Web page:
In John Donne's "Elegy 19: On His Mistress Going to Bed", Donne reveals to the audience the experience of undressing his mistress before they unite in sexual ecstasy. However, as he is describing his experience, the audience is given no insight on the mistress' character or her life. Donne does, however, bluntly address her body as he takes the clothes off of her, but does so with a sense of command and entitlement in his diction. The audience never gets a sense if the mistress is enjoying the experience, and his use of metaphysical conceit reveals that women are no more than an object of a man's sexual desire to Donne. In Ovid's collection of poems Amores, he also writes of his erotic adventures with his mistress, among other women. Though like Donne, Ovid speaks of the projection of his fantasy's upon women, including physical aggression and sexual advances, he also reacts and elaborates the reaction that women have to his advancements. Ovid also uses metaphors in the Amores, but in contrast to Donne, does so to show admiration or to portray women as equal players in the battlefield of his love life. Though both authors write of their experience with women in their works, their uses of diction, imagery, and metaphors reveal Donne's experience with his mistress to be one that is singular and entitled in contrast to Ovid's, which portrays to the reader a greater sense of inclusiveness and emotion toward the women he writes of. .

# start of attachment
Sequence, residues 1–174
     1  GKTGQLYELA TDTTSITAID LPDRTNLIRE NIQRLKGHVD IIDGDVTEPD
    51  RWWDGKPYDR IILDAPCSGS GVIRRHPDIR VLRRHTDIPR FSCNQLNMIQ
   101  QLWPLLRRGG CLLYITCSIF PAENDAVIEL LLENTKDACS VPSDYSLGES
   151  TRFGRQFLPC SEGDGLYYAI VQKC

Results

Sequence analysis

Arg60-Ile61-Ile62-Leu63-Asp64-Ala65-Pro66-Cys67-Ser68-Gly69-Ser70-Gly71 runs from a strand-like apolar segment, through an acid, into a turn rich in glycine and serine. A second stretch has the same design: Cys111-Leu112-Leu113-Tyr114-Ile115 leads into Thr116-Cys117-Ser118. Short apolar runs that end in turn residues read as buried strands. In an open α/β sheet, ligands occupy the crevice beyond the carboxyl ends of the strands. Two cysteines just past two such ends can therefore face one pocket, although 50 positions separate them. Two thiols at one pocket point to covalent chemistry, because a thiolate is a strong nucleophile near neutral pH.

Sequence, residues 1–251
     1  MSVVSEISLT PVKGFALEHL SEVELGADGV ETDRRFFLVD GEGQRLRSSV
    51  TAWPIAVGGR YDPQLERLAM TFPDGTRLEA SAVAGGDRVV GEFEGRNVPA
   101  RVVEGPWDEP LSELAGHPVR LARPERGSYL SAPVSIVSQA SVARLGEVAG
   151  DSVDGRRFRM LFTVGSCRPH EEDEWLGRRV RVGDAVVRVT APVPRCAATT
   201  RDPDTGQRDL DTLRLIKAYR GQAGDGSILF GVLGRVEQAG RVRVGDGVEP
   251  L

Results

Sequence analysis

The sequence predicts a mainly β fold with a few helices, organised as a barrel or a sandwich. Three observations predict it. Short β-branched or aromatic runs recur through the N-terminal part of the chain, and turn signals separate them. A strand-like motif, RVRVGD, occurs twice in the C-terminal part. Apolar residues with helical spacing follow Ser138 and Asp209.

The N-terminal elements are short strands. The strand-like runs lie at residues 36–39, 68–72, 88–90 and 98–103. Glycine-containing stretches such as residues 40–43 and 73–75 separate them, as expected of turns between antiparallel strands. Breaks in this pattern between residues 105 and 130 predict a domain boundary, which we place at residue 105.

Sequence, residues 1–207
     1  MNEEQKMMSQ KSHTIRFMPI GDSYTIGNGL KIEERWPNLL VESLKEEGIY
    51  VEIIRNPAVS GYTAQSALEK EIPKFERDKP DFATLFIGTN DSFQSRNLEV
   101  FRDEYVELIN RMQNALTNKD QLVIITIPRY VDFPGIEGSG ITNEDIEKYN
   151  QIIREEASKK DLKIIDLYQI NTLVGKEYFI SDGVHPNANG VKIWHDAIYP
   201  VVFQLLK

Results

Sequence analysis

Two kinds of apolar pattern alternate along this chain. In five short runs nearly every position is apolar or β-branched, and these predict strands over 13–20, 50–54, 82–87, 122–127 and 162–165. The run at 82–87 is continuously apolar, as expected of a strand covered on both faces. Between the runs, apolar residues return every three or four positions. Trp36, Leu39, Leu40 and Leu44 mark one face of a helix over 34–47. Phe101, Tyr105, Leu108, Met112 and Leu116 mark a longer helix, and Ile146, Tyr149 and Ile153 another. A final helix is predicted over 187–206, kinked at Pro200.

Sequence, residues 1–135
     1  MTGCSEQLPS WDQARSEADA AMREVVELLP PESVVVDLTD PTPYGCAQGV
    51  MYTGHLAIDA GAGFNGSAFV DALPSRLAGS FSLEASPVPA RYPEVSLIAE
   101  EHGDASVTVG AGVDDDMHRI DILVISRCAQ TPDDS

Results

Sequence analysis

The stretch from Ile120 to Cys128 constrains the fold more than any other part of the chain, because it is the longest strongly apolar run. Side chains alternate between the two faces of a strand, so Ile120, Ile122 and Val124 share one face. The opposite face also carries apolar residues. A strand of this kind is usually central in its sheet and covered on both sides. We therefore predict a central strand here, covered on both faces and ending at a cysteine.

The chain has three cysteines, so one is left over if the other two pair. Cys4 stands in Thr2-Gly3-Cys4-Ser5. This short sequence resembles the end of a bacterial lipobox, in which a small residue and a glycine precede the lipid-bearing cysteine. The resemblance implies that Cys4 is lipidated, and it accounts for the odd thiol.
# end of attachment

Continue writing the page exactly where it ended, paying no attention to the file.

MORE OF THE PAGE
In Donne's "Elegy 19: On His Mistress Going to Bed", Donne's persona commands the woman to undress; "Off with that girdle" (line 5), "Unlace yourself" (line 9), "Off with that happy busk" (line 11), "Off with that wiry coronet and show The hairy diadem which on you doth grow;" (lines 15-16, 1283), "Now off with those shoes" (line 17). In doing so, Donne recreates the woman to her face.